Understanding English Grammar – phrasal verbs ‘sit’
Now let’s look at the verb ‘to sit’. Here are some common expressions using this verb combined with particles:
‘to sit around’ means to spend time doing very little.
- They just sit around and do nothing all day.
- We sat around in the hotel until it stopped raining.
‘to sit back’ means to wait for something to happen while deliberately not being involved.
- She just sat back and waited for us to do everything.
- You can’t just sit back and expect me to do everything.
‘to sit down’ means to lower your body into a sitting position.
- We looked for somewhere to sit down.
- She sat down beside me on the sofa and started talking.
‘to sit in on’ something means to be present during a meeting or event but not participate.
- He asked me to sit in on the discussion and report back to him.
- When I was new to the department, I sat in on meetings to learn the procedures.
‘to sit on’ a committee or panel means to be a member.
- As the representative of the personnel, I sat on the board of directors.
- He sat on many committees dealing with education.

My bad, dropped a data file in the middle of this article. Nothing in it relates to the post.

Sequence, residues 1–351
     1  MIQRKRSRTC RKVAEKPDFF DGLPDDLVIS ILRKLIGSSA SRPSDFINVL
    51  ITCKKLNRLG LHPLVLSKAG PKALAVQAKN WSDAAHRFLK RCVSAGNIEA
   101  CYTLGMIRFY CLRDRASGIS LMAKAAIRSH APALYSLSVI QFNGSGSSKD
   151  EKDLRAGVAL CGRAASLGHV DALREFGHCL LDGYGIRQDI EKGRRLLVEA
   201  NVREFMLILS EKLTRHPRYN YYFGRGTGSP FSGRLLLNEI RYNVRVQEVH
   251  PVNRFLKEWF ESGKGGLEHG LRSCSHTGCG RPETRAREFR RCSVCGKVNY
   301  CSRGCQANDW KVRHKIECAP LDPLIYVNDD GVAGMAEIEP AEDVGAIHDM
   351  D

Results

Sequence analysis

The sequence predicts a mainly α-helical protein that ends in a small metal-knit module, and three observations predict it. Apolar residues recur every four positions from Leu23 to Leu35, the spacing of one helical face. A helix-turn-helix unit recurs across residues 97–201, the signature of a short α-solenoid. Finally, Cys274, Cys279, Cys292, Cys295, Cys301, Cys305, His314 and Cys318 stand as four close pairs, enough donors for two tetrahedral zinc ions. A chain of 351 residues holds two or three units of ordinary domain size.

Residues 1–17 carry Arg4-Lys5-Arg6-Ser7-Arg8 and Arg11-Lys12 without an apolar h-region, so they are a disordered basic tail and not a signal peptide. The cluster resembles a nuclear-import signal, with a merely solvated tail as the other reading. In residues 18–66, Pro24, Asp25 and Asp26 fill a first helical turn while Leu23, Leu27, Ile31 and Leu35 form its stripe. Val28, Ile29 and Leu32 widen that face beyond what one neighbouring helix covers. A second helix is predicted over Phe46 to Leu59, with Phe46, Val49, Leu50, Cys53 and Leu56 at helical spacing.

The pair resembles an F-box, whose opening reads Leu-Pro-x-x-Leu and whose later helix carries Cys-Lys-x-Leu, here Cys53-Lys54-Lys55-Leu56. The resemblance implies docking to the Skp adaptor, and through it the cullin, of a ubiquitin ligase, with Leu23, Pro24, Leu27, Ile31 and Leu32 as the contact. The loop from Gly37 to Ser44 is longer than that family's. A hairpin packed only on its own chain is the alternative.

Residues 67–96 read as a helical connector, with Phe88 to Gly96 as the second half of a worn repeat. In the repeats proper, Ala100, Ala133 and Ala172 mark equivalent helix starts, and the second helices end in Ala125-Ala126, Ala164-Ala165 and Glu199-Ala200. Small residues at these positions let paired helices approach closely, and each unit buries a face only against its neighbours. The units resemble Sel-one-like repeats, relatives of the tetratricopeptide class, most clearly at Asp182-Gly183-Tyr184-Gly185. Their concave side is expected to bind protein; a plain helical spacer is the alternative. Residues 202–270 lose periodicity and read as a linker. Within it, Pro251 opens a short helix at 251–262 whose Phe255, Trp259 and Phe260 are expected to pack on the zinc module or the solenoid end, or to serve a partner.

‘to sit out’ means to be outside rather than inside.
- While the weather was good, we sat out and had lunch.
- We went to the pub and sat out at the tables in the garden.
‘to sit out’ something means to wait for it to finish.
- His injury meant that he had to sit out the rest of the competition.
- When it started raining, we decided to sit out the storm in the café.
‘to sit over’ someone is to watch them very carefully to check up on them.
- I sat over him and made sure he took his medicine.
- She sat over me until I had finished everything.
‘to sit through’ means to remain until something is finished, especially if it is unpleasant.
- They sat through a very long meeting.
- We had to sit through a very boring lecture before we could go for a drink.
‘to sit up’ means to not go to bed until it very late.
- I sat up and waited for him to come home.
- She sat up all night to finish her project before the deadline.